INVISIBLE, the third installment in Andrew Britton’s
brilliant Ryan Kealey series, is perfect winter reading. Pick this
one up when there’s snow on the ground, a killer wind chill
and you have the day off. You have nowhere to be anyway, so at
least you won’t feel guilty about staying put for several
hours as you read the latest novel in what is arguably the most
realistic thriller series going.
THE INVISIBLE begins with the sudden and violent kidnapping of a
group of U.S. tourists in Pakistan. The instigator of this deed is
Amari Saifi, a terrorist who has been on the U.S. most wanted list
for several years. The incident causes Jonathan Harper, the Deputy
Director of the CIA, to seek out and recruit Ryan Kealey for yet
another mission --- to rescue the hostages and neutralize Saifi.
Following the events chronicled in THE ASSASSIN, Kealey has been on
a world-beating walkabout and wants nothing to do with Harper (or
the CIA for that matter).
However, he is reluctantly drawn back in when Harper produces Naomi
Kharmai, the woman who Kealey has been trying to forget, even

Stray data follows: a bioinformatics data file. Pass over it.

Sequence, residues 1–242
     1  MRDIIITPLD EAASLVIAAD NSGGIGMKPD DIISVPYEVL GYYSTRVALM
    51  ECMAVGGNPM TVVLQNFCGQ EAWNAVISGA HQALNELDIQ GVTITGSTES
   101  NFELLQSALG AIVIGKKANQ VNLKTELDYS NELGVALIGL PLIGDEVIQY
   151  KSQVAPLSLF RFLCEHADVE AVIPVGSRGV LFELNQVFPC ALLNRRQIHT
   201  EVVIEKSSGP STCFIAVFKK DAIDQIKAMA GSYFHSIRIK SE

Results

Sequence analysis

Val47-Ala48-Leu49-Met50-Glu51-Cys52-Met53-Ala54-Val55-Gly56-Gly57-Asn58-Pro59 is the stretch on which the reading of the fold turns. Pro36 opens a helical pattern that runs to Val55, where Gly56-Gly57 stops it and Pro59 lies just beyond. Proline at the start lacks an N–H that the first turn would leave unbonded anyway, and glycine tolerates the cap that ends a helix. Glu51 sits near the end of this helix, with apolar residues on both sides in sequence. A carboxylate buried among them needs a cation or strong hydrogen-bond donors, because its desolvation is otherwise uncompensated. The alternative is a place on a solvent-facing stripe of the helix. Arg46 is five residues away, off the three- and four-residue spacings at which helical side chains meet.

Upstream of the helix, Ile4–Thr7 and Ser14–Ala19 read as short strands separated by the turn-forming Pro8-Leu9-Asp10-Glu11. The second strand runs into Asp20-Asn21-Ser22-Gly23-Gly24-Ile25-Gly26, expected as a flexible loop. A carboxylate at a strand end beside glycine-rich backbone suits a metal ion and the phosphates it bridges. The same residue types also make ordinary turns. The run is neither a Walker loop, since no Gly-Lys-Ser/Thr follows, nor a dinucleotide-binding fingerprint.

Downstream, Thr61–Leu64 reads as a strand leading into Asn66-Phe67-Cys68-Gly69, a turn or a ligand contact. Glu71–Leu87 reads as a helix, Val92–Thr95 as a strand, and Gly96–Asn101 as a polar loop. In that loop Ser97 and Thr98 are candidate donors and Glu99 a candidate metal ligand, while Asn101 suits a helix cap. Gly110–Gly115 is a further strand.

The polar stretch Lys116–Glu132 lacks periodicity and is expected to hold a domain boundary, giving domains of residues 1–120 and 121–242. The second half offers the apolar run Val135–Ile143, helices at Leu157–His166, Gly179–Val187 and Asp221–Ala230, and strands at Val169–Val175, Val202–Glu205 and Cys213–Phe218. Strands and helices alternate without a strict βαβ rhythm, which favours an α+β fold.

though he can’t. The opportunity to work with her and be with
her again is too much for him to resist. But Kealey quickly comes
to realize that Kharmai, like himself, is badly damaged, to the
extent that her presence may jeopardize the mission.
Meanwhile, Saifi has upped the ante by making one of the boldest
moves ever perpetrated against the U.S. --- she kidnaps the U.S.
Secretary of State while on a diplomatic visit in Pakistan. Kealey
now has a new priority: rescue the Secretary of State by any means
necessary. Running a breathtaking gauntlet of violence and deceit,
Kealey and his team find themselves stumbling erratically along a
series of dead ends that results in a disastrous incident in Madrid
but that produces their first real lead to locating the Secretary.
Gambling everything on a last-ditch rescue, Kealey disobeys orders
yet again to carry out what may be his most dangerous mission of
Britton continues his marvelous ways, combining meticulous research
and an edge-of-the-seat narrative to make THE INVISIBLE, like his
previous works, an event. It seems as if no one writes a book with
a beginning or an ending like he does, and this latest thriller is
no exception. The conclusion leaves at least two major threads
unresolved for the future, and the reader will be anticipating
Reviewed by Joe Hartlaub on January 22, 2011